“This has especially impacted our global division, particularly those customers with a high exposure to digital advertising. While only 26 per cent of our first half global revenue supports digital advertising, we are seeing a flow on effect to non ad-related projects and some of our core programs, as our customers reduce their overall spend,” he said.
“As stated in February, costs in this half are higher primarily due to transformation costs, and investment in product and technology resulting in higher employee expenses, recruitment, and IT costs. Together with lower-than-expected revenue, this has impacted earnings and margins.”
The disappointing earnings come after an 86 per cent slide in the company’s share price since August 2020, when it was trading at more than $40. On Monday, it closed at $5.71.
Appen founder Julie Vonwiller and former chairman Chris Vonwiller remain the company’s largest shareholders with a 7.5 per cent stake of the business.
Appen earnings typically skew to the second half of the calendar year. The business still expects more revenue to flow through in the second half as seasonal projects are delivered and existing work ramps up, but, the business conceded that there had been no improvement last month.
Given the tenuous position of the business, Appen is now reviewing its investment strategy to find a way to increase productivity and improve margins.
“The fundamentals of our business remain strong and our operational performance and the quality of our service we provide customers continue to improve, evidenced by higher NPS. We are increasing our range of products and through our product investments remain well positioned to serve our customers,” Mr Brayan said.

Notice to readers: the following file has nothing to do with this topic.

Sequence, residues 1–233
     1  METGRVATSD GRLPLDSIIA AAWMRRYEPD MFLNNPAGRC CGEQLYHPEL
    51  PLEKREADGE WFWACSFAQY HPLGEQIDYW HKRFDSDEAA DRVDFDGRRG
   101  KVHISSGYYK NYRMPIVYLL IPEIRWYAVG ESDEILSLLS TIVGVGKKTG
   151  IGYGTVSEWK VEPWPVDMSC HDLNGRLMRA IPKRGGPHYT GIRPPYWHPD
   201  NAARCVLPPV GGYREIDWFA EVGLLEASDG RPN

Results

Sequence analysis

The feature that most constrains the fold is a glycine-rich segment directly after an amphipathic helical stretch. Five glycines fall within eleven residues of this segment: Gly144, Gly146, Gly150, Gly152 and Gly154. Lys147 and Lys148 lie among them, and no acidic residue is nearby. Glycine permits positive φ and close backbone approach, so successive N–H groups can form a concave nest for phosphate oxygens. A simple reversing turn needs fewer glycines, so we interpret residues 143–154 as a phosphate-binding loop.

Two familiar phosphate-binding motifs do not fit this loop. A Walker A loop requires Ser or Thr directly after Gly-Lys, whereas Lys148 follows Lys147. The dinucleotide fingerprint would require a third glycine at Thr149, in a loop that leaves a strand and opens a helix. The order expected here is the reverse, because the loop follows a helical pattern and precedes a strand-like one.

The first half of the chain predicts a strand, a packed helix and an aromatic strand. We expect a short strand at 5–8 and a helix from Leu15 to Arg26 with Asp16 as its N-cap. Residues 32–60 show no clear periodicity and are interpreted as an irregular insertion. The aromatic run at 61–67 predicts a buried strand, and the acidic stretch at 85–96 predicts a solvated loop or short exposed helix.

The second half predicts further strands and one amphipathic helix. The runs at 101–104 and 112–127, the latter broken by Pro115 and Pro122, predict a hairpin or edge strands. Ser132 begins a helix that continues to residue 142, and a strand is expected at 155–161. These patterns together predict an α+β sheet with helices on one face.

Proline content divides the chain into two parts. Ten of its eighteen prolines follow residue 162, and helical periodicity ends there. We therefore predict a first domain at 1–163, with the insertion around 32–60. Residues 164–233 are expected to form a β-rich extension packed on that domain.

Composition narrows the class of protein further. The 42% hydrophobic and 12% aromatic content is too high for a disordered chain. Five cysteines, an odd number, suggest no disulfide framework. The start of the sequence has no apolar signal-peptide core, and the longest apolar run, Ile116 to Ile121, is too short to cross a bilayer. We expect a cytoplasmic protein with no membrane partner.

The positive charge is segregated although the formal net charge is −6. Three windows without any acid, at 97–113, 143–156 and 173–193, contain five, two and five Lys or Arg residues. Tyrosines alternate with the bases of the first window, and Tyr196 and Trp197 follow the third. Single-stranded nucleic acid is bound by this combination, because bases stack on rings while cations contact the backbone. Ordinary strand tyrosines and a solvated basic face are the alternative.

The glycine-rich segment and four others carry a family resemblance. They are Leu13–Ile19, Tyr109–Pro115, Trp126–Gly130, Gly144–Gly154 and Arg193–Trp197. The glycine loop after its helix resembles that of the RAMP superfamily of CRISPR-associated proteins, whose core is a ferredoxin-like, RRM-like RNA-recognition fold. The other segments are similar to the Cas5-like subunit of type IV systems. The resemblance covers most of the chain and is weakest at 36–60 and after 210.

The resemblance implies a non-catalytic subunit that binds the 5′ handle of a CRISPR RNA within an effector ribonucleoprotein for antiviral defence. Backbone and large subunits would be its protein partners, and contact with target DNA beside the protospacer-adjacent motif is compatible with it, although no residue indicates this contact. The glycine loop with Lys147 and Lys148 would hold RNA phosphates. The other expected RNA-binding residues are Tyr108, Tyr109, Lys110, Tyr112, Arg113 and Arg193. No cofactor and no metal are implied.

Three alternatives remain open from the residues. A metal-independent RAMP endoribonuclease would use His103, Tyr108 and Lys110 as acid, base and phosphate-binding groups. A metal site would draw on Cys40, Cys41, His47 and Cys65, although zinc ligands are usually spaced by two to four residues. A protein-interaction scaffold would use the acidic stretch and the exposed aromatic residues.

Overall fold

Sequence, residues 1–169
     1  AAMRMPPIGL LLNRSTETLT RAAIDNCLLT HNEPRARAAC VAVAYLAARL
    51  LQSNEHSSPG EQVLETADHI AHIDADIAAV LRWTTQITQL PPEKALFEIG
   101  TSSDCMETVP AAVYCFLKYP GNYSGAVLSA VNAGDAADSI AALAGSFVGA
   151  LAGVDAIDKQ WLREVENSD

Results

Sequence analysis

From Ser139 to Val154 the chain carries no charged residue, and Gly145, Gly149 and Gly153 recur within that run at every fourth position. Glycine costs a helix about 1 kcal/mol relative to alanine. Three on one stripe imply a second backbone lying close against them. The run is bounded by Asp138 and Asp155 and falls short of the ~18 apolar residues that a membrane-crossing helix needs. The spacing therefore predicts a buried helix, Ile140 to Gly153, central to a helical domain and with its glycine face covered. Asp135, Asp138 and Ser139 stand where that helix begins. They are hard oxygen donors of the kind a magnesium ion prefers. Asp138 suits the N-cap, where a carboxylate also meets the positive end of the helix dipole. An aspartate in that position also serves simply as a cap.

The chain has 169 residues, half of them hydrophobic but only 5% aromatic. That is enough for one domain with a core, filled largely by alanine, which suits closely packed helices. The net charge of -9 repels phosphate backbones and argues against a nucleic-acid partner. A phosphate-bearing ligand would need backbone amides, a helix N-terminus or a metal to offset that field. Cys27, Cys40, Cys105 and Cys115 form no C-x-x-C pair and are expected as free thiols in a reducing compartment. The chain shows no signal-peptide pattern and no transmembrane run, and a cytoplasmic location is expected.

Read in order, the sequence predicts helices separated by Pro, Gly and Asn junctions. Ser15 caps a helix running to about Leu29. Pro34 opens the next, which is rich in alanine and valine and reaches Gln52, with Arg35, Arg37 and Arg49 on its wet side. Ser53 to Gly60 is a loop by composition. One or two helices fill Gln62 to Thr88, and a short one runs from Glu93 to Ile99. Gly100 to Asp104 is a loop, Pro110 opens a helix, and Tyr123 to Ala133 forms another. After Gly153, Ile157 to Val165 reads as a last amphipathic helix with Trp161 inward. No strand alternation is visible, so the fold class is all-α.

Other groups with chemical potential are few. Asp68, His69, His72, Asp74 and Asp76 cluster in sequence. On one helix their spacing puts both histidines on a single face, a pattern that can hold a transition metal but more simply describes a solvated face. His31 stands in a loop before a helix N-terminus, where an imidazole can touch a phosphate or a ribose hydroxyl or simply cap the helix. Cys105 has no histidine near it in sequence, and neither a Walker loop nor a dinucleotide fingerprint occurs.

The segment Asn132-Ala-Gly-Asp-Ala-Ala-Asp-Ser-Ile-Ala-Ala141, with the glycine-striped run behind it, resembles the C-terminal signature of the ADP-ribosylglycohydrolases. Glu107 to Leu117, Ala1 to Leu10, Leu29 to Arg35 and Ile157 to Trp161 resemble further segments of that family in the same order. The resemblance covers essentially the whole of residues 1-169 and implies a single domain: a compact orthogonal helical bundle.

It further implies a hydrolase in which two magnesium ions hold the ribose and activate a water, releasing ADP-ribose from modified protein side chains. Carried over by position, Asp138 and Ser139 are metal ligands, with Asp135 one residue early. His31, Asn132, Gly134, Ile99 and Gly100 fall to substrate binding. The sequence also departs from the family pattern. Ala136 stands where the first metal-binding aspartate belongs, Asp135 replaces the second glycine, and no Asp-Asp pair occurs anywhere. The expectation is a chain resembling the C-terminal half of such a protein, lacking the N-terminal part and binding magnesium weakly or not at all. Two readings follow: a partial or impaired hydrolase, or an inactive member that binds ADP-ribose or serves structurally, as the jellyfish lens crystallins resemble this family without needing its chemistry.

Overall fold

Although Appen has invested in automating more of its processes, at its core, it is still a data annotation company that uses a crowd of 1 million people to label data that feeds the artificial intelligence algorithm of tech companies.
It has been attempting to diversify its customer base and has made a push into China, which was a bright spot in its results in the middle. China revenue was up 141 per cent to $US18 million.
In May, Appen was briefly a takeover target of Canadian rival Telus, which owns its competitor Lionbridge. But, within hours of the non-binding, unsolicited bid being announced to the ASX, the company announced that Telus had backed out of the negotiations with no explanation.
Following the failed deal, investors asked if it was time for Mr Brayan to step down, but at the time he still had the support of the board, which is led by chairman Richard Freudenstein.